can't make head or tail of

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can't make heads or tails (out) of (someone or something)

Cannot understand someone or something at all; cannot make any sense of someone or something. I've been working with the new software for hours, but I still can't make heads or tails out of it. I can't make heads or tails of that new guy in accounting. Sometimes, he's really friendly, and then other times he acts like he's never met me before.
See also: head, make, of, tail
Farlex Dictionary of Idioms. © 2015 Farlex, Inc, all rights reserved.

can't make head or tail of

Also can't make heads or tails of. Fail to understand, be quite confused about, as in I can't make head or tail of these directions. A version of this term dates back to Roman times, when Cicero wrote Ne caput nec pedes ("neither head nor feet") to describe confusion. In the current idiom the precise allusion is unclear: head and tail may mean top and bottom, beginning and end, or the two sides of a coin. [Second half of 1600s]
See also: head, make, of, tail
The American Heritage® Dictionary of Idioms by Christine Ammer. Copyright © 2003, 1997 by The Christine Ammer 1992 Trust. Published by Houghton Mifflin Harcourt Publishing Company. All rights reserved.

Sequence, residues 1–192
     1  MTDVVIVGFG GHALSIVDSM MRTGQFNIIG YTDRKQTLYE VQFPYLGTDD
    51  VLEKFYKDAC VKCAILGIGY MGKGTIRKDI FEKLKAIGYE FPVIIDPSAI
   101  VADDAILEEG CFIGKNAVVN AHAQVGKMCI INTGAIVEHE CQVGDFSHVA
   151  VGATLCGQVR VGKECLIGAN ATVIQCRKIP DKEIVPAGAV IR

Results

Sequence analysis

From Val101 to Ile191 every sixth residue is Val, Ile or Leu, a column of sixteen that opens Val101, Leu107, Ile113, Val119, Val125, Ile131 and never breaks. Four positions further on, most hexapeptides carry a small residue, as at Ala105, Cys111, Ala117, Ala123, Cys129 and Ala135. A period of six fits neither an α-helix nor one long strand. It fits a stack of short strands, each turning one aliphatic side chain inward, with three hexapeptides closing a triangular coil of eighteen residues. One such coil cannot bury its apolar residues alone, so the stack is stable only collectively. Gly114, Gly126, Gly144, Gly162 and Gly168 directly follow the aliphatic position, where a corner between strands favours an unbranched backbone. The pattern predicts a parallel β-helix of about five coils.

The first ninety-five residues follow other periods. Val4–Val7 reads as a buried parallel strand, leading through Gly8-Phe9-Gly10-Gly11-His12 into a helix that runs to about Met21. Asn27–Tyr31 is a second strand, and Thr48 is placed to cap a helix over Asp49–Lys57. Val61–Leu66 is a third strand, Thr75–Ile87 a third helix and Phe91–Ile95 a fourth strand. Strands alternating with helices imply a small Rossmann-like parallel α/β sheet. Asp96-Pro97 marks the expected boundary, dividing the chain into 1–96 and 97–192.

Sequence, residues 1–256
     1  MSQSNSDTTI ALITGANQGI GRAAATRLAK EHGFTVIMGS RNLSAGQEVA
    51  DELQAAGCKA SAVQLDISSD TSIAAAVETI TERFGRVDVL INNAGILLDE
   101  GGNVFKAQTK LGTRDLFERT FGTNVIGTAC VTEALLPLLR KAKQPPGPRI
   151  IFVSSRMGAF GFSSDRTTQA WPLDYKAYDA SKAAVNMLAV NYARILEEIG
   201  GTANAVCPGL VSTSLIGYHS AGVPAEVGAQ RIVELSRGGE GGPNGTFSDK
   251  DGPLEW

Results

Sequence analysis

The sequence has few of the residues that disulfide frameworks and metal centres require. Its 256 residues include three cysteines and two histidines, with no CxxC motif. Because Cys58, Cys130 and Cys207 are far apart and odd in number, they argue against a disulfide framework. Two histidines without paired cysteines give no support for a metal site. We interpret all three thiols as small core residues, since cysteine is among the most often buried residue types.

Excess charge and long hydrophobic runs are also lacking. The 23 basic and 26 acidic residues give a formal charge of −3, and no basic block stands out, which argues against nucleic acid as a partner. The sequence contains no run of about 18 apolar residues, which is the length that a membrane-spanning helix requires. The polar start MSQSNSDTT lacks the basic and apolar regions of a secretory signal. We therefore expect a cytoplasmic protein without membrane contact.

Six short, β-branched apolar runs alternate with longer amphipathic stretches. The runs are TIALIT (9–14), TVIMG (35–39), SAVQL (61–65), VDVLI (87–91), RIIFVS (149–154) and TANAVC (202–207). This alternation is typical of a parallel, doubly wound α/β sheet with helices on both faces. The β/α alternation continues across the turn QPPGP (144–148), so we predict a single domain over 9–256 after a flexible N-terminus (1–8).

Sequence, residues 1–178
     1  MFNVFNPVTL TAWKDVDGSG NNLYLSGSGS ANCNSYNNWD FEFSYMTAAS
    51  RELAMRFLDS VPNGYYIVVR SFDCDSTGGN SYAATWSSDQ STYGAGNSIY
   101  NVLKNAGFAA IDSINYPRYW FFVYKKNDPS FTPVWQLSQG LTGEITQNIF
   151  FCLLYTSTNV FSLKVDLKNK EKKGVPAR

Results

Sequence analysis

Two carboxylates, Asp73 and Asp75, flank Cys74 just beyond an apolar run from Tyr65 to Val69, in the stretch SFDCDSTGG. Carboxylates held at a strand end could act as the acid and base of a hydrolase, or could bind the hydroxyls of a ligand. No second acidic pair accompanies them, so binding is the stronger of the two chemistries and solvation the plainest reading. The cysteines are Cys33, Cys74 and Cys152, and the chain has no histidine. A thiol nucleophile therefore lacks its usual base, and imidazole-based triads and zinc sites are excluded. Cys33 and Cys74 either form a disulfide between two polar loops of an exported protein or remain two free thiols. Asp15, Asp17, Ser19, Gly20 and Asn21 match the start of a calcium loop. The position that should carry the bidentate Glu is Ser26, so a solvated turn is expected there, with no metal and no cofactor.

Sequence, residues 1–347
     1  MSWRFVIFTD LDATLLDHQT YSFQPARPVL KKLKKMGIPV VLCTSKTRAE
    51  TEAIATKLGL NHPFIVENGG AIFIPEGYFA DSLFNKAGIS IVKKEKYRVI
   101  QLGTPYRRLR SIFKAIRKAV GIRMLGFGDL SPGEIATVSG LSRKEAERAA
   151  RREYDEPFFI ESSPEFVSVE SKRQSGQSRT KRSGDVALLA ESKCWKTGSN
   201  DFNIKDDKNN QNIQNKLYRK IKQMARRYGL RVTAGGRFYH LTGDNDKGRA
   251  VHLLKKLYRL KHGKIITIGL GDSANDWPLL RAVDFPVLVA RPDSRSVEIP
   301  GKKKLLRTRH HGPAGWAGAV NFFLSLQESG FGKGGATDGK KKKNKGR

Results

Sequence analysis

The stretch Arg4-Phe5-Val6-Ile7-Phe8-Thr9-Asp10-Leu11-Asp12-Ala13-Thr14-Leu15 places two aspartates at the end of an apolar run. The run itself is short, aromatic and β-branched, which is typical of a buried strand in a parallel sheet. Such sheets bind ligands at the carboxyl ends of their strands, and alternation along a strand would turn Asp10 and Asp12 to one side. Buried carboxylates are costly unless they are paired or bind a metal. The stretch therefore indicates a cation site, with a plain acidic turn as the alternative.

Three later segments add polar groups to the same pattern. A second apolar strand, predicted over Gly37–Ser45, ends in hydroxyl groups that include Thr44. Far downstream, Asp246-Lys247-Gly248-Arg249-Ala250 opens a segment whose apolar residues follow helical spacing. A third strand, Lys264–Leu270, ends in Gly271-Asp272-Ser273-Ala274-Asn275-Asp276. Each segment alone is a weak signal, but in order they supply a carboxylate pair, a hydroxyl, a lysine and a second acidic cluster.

can’t make head or/nor ˈtail of something

(informal) not be able to understand something at all: I can’t make head or tail of this picture — is it upside down?
See also: head, make, nor, of, something, tail
Farlex Partner Idioms Dictionary © Farlex 2017
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References in periodicals archive ?
The mathematical center of the fish was used because both the head and tail make large lateral sweeping motions in both aquatic and terrestrial environments, and it was believed that the mathematical center would provide a better indication of the path of movement for fish than would tracking the head or tail alone.
He says the types of magnets available to C&D recyclers range from drum magnets, which are capable of lifting large, heavy pieces of ferrous metal from a moving stream of material, to magnetic head or tail pulleys, which can draw material from within a pile and retain it while other materials fall away, to overband or crossbelt magnets, which are suspended above the conveying line.
The challenge: Guess whether the concealed coin is a head or tail.